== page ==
Web series ‘boyband’ debuts its second season

Mockumentary webseries, “boyband,” follows five band members as they navigate

By Niamh Cremin | March 14, 2016


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While other parents spent their summers carpooling to day camp and waiting in never-ending lines at the local waterpark, Colleen Griffen, mother of three from Evanston, Illinois, had a different adventure in mind.

It began one afternoon as her teenage son, Matthew Chappelle, and his four best friends walked into her home. After watching One Direction’s debut movie “One Direction: A Year in the Making,” Griffen couldn’t help but note how much her son and his friends looked like the members of the famous boyband.

Griffen, a film director, was in the process of wrapping up her most recent film, “The Cold and the Quiet” featuring Chappelle as a main character. In search of a fresh idea, she suggested they team up and shoot a parody chronicling the journey of a young band’s rise to fame. Thus, the mini-webseries, “boyband,” was born.

Snagging No. 18 in LA Web Festival’s Class of 2016, “boyband” follows five best friends as they navigate their way through the ups and downs of life in the cutthroat music industry in pursuit of fame and fortune.

“I watched them over the years, and I knew they were talented performers, so I wanted to work with them and see what it would be like, and it just so happened that some of them were in my family,” Griffen says.

The show features a compilation of one-on-one interviews that gradually expose viewers to the unique personalities of each band member. You have the socially awkward yet endearing Yancy; stubborn, wannabe rock star Lance; singer and songwriter Shaun; and Preston, the glue that holds them all together. Among the five band members of “boyband” is MU freshman David Colton, better known as “Chad,” the self-absorbed womanizer.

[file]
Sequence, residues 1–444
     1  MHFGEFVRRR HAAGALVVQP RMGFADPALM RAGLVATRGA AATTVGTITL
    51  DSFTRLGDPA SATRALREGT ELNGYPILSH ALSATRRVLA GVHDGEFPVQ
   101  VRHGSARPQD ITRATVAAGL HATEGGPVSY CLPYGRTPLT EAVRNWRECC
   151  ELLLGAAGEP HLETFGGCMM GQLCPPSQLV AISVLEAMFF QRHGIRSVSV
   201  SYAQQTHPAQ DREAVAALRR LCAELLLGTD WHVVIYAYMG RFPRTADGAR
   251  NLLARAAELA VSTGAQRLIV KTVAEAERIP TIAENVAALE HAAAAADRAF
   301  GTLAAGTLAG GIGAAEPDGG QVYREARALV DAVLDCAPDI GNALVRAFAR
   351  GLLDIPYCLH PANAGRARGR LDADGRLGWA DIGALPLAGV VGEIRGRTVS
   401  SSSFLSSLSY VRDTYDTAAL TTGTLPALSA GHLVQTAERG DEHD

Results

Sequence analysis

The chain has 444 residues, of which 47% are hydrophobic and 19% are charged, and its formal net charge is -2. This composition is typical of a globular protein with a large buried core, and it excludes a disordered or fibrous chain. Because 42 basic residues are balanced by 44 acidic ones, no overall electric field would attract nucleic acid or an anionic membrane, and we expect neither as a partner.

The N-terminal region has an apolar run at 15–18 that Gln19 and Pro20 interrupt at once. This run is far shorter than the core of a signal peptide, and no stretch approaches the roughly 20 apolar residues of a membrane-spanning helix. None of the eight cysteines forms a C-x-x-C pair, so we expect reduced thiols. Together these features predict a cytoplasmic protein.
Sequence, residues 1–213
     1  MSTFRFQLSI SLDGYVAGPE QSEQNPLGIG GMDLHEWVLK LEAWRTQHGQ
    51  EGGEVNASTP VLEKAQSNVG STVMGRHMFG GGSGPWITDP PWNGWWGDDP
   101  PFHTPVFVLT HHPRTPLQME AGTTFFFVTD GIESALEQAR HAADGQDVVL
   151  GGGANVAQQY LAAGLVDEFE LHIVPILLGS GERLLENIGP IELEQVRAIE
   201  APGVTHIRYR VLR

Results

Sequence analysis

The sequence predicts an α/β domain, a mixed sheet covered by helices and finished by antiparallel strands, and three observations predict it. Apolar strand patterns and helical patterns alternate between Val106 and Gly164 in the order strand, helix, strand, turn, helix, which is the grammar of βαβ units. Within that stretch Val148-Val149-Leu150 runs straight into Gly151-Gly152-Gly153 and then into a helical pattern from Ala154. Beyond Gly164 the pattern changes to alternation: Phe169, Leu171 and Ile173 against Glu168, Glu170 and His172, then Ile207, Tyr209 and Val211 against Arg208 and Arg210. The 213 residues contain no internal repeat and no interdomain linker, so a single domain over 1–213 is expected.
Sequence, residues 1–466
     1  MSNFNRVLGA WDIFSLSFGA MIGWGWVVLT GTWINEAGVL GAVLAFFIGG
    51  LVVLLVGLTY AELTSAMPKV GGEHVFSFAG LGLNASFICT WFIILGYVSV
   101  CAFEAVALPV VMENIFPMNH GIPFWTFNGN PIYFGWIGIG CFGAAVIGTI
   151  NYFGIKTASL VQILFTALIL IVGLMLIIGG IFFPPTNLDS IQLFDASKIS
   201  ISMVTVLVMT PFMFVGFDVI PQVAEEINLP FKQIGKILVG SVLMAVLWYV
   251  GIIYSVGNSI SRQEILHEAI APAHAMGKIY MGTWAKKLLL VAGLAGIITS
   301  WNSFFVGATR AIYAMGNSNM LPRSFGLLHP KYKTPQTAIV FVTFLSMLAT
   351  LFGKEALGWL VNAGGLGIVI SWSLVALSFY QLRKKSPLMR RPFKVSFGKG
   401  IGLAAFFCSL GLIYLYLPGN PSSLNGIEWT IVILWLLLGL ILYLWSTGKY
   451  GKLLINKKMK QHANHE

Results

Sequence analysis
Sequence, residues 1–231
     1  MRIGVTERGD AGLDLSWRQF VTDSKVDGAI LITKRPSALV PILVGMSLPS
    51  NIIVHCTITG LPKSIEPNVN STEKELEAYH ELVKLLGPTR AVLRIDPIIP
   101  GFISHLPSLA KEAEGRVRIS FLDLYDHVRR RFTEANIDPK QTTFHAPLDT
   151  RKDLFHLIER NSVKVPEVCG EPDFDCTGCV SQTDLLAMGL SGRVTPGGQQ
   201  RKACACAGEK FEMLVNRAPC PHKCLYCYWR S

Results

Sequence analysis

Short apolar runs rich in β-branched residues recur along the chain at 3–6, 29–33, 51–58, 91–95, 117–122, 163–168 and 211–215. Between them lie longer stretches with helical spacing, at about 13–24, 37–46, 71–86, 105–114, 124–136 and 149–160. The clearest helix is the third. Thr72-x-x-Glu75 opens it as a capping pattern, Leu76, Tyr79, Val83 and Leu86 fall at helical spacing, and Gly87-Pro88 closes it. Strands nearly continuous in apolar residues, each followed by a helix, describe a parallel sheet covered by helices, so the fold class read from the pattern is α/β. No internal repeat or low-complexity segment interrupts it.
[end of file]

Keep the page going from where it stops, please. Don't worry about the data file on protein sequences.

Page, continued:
“I really like playing a douchebag, because I’m not really a douchebag,” Colton says. “I like to make fun of douchebags. Chad came from a place that I’ve seen other people act like. I’m making fun of other people that make fun of other people.”

To assemble a film crew, Griffen teamed up with her husband, Joe Chappelle, executive producer of hit NBC drama “Chicago Fire” and went to work. The couple fully financed the project, which posed many advantages and limitations.

“What’s exciting about this but sort of painful is that because it’s self financed, I got 100 percent creative control which is the collaborative world that I like to work in,” Griffen says.

Griffen and her husband, both of whom received master’s degrees in Radio/Television film from Northwestern, have thrived in the industry based on their philosophy of providing opportunities to aspiring young artists eager to advance in their career.

Griffen kept this concept in mind as she chose workers from the set of “Chicago Fire” and gave them the opportunity to gain more experience in the industry.

“You take someone from ‘Chicago Fire’ who may be a camera production assistant or a boom operator and you give them an opportunity to do one or two positions above what they do on a big show,” Griffen says.

The idea of a struggling group of aspiring artists making their way in a cutthroat industry is not a new concept to Griffen, who produced her first film at age 53.

Griffen’s nephew, Sam Griffen, was living in L.A. after graduating when she reached out to him for help with season one of the series. Sam hopes that “boyband” can make enough money to produce season three and to have a little more fun with the production.

“I didn’t have a lot of experience having something I’ve written get turned into a show or film,” Sam says. “It was cool to hear actors go over stuff I wrote and hear it on screen, It helped me a lot as I wrote.”

Griffen says the advancements in technology have given creative individuals like herself the opportunity to tell their story. She explains that with resources like the internet, as well as low cost equipment, she wants to encourage young people to “really enjoy what technology has afforded you guys.”

“I know a lot of kids out there have aspirations and they think, ‘oh I’m never gonna be able to do it.’ But you should really pursue it, if you have an idea, if there’s something you wanna do.” Griffen says. “It’s an exciting time for film and TV.”

The second season of “boyband” is available here.

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